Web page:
Moved to try again as young returnees from Iraq began coming to the local VA hospital, I rewrote it once more, aware by now that Korea had set a precedent for what had become a national addiction to military action, always at the expense of the grunt doing the fighting and the dying. As a member of the Korean era generation, I am now with few World War II surviving exceptions one of the oldsters who sit waiting in the orthopedic department or the blood lab, still questioning war. Perhaps one of the youngsters will tell his or her story, but mine brings a broader perspective.
War is futile not just for the destruction it leaves. Cities can be rebuilt, as nations in Europe and Asia have demonstrated. It is futile because it recurs for reasons an individual soldier may not always fathom as easily as those who fought in the so-called Great Generation did. It is futile because in it so many die so young. And it is futile above all for what those who survive endure for rest of their lives. That’s why the Korean War remains important in the face of forgetfulness.
Paul G. Zolbrod was an English Professor at Allegheny College for thirty years before retiring to New Mexico. He now lives in Albuquerque and teaches at the Navajo Nation’s Diné College. He is the author of several books, including Weaving a World: Textiles and the Navajo Way of Seeing, with Roseann S. Willink, Reading the Voice: Native American Oral Poetry on the Written Page, and Diné bahane: The Navajo Creation Story.
2013: Year of the Korean War Veteran
The Department of Defense 60th Anniversary of the Korean War Commemoration Committee, authorized in the 2011 Defense Authorization Bill, is dedicated to thanking and honoring all the Veterans of the Korean War, their families and especially those who lost loved ones in that war. Through 2013, the Committee will honor the service and sacrifice of Korean War Veterans, commemorate the key events of the war, and educate Americans of all ages about the historical significance of the Korean War.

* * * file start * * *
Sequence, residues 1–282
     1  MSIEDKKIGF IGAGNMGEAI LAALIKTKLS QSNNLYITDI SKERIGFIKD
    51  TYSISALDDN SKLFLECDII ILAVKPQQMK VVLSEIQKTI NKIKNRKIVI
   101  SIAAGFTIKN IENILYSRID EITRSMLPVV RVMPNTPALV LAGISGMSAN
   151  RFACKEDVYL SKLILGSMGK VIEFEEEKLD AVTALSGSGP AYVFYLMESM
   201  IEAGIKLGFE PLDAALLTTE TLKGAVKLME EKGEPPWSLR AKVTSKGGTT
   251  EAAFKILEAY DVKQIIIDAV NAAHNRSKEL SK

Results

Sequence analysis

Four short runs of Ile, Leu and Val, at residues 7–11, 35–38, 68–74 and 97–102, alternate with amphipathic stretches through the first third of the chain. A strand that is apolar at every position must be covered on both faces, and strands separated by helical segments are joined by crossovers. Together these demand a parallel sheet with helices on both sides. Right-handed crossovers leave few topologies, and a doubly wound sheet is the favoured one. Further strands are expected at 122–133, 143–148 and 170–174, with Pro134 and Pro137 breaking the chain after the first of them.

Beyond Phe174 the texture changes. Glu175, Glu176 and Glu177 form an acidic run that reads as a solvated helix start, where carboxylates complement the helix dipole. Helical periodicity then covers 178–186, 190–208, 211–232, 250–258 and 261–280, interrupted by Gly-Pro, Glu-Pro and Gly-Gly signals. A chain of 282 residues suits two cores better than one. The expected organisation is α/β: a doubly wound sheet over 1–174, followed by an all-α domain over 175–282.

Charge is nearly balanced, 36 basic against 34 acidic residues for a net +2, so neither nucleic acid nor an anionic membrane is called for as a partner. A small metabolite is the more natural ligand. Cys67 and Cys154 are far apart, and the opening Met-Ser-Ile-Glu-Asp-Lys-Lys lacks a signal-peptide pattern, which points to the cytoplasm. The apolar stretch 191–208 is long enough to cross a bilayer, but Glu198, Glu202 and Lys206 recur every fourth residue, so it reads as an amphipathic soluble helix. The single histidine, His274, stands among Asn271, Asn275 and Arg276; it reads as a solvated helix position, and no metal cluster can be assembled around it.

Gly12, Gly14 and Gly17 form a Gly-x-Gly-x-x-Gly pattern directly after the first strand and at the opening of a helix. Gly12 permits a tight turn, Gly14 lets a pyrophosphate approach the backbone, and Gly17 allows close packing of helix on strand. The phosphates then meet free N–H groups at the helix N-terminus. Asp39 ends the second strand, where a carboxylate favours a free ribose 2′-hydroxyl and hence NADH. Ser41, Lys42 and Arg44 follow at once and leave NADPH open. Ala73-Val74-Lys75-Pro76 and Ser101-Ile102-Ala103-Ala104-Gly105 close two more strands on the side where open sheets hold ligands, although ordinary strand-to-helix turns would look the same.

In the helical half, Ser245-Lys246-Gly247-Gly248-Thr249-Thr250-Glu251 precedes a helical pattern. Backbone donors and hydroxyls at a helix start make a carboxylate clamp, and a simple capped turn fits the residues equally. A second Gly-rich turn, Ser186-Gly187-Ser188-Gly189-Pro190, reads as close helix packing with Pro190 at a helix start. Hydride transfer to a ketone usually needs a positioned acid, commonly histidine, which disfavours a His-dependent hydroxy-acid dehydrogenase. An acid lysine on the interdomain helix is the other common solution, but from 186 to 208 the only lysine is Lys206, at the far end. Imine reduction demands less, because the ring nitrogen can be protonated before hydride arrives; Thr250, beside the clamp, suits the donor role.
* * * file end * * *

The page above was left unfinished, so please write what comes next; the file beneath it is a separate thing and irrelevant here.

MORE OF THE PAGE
“The Korean War was the first test of the United Nations’ resolve to stand against tyranny in all its forms. Twenty nations banded together with the United States and South Korea in a remarkable display of solidarity to turn back naked aggression and stem the tide of communism. The Armistice signed in 1953 that remains in effect today reminds us that we must remain vigilant against the forces of tyranny and oppression.
The Korean War also saw the advent of aeronautical, medical and societal change: Helicopters were introduced to transport casualties to field hospital. Jets became the new “standard” for aircraft; leading-edge radio technology allowed better coordination of troop movements. Mobile Army Surgical Hospitals (MASH) units placed experienced medical personnel closer to the front, improving a wounded Soldier’s chance for survival. Perhaps the most lasting impact of the Korean War was the social change that was manifested to American society. In 1948, President Harry S. Truman had signed Executive Order 9981, implementing the full integration of America’s Armed Services. Thus, America went to war in Korea for the first time in her history with a military that reflected her diversity.
The selfless sacrifices of the Veterans who fought in Korea to ensure the freedom and prosperity we enjoy today must always be remembered. The Veterans who shivered in the trenches, tracked through knee-deep mud, flew combat missions over rugged mountainous terrain, and stood watch over hostile seas set aside their own comfort, safety and aspirations to answer the call to arms at a time when our nation was still exhausted from the horrors of World War II. These patriots halted the tide of communism that threatened to sweep over the Korean peninsula. Today the Republic of Korea stands as a modern, prosperous, vibrant democracy because of their courage and selfless sacrifice. (from Army Live: The Official Blog of the United States Army)